There’s no doubt that an onslaught of electric vehicles (EVs) is coming—and it’s coming soon. The proof is in the numbers: There were approximately 880,000 pure-electric vehicles on United States roadways in 2019, compared to just 10,000 in 2011.
Experts expect those numbers will continue to increase, which leaves the question: Who’s going to fix all of these high-tech vehicles?
While automakers are busy rolling out cars with multiple electric motors and dozens of computers, trade schools are still teaching students antiquated skills, such as rebuilding alternators and servicing distributors.
What’s more, the current batch of technicians isn’t paid well enough to be motivated to learn about emerging EV technologies.
The automotive repair industry needs to make some changes to prepare technicians for the electrified future of tomorrow. If practices stay the same, it will be nearly impossible to keep the growing number of EVs on the road.
Why the Number of EVs is Growing
Electric vehicles (EVs) are not a new concept. At the turn of the century, electric automobiles accounted for a third of all vehicles operating in the United States. But the introduction of Henry Ford’s Model T—and the discovery of cheap oil—made EVs all but extinct by 1935.
EVs have, however, seen a resurgence within the last decade for several reasons. First and foremost, government agencies are now willing to acknowledge the existential threat that fossil fuel-dependent vehicles pose to the environment. America’s dependency on crude oil is also recognized as a serious problem.
To promote EVs and address these issues, California Governor Gavin Newsom recently issued an executive order that requires all new passenger vehicles sold in the state to be zero-emissions by 2035. President Joe Biden has also announced his plans to convert the U.S. government’s fleet of vehicles to electric.
Over the years, automakers have responded to shifts in government policymaking and tightening fuel economy standards by making more EVs. General Motors (GM) recently announced it would go all-electric by 2035.
But there’s no need to wait until then—most major automakers (including GM) already offer at least one EV in their lineup. This new generation of EVs offers practical transportation for the everyday driver. Many late-model vehicles have a range of 200 to 350 miles on a single charge. These figures are helping to quell the general public’s fear of a limited driving range.
Charging infrastructure is the final piece of the puzzle. Many critics have pointed to a lack of charging stations as their primary reason for dismissing EVs.
Together, these factors—the government’s push toward electrification, more long-range vehicles, and better infrastructure—are prompting more and more drivers to consider an EV.
Technicians Need a Unique Skillset to Fix EVs From Bumper-To-Bumper
According to the Edison Electric Institute (EEI), there will be 18.7 million EVs operating in the United States by 2030. Automotive professionals will need a unique skillset to keep those vehicles on the road.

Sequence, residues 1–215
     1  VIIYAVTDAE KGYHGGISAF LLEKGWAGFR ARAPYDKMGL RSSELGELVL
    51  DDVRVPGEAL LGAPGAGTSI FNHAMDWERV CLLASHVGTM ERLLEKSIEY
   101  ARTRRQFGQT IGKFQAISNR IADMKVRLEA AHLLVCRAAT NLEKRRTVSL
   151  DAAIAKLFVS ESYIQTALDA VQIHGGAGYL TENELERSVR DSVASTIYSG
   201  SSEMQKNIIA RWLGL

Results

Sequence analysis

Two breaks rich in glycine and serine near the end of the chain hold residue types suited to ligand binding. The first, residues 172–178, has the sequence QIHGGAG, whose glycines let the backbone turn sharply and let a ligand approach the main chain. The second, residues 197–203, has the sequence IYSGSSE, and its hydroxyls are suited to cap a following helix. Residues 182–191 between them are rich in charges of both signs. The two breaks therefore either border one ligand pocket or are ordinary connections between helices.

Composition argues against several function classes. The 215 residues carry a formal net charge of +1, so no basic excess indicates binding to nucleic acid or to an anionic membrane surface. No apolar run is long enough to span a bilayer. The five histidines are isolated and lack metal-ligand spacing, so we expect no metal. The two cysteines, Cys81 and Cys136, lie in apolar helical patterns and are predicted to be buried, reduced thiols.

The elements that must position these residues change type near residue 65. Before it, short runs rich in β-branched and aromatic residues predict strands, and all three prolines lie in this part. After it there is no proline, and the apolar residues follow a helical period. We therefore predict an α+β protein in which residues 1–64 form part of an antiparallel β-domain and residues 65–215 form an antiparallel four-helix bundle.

For one thing, a substantial amount of safety training and equipment is required to work on EVs. Servicing the high-voltage system without the proper training can result in severe personal injury or death. Anyone working on an EV must also invest in personal protective equipment, including high-voltage gloves.
But the most important asset of all is knowledge. Automotive professionals who work on EVs must be extremely knowledgeable about electronics and computer controls. Unfortunately, many of today’s technicians struggle with even basic concepts (e.g., how to read wiring diagrams) when it comes to electrical diagnostics and repairs.
The cars of tomorrow will require more software updates than mechanical services—and the automotive repair industry needs to shift its focus to prepare technicians.
Why the Auto Industry Needs to Change To Accommodate the Growing Number of EVs
Right now, there are only 1,540 technicians nationwide who hold Automotive Service Excellence (ASE) certification in hybrids and EVs. That figure alone makes it clear that the automotive repair industry needs to make some changes to support the upcoming wave of electrified vehicles.
One of the primary problems is that trade schools and technical colleges fall behind when it comes to EV training. In part, this is because there aren’t enough instructors who can teach EV-related material.
Because most automotive educators have been in the field for decades, many of them are more comfortable with carburetors than hybrid battery packs. There needs to be more formal EV training available to automotive instructors so they can teach the material to others.
Also, the industry needs to work harder to attract and retain technicians. There has been a technician shortage—fueled primarily by low pay and unpleasant work conditions—that has been ongoing for many years.
If technicians are expected to fix EVs, they need to be paid more, have better working conditions, and receive a lot more training. Otherwise, the automotive repair industry won’t be able to keep up with the growing number of electrified vehicles—and drivers might suddenly find themselves missing their gas-guzzling SUVs.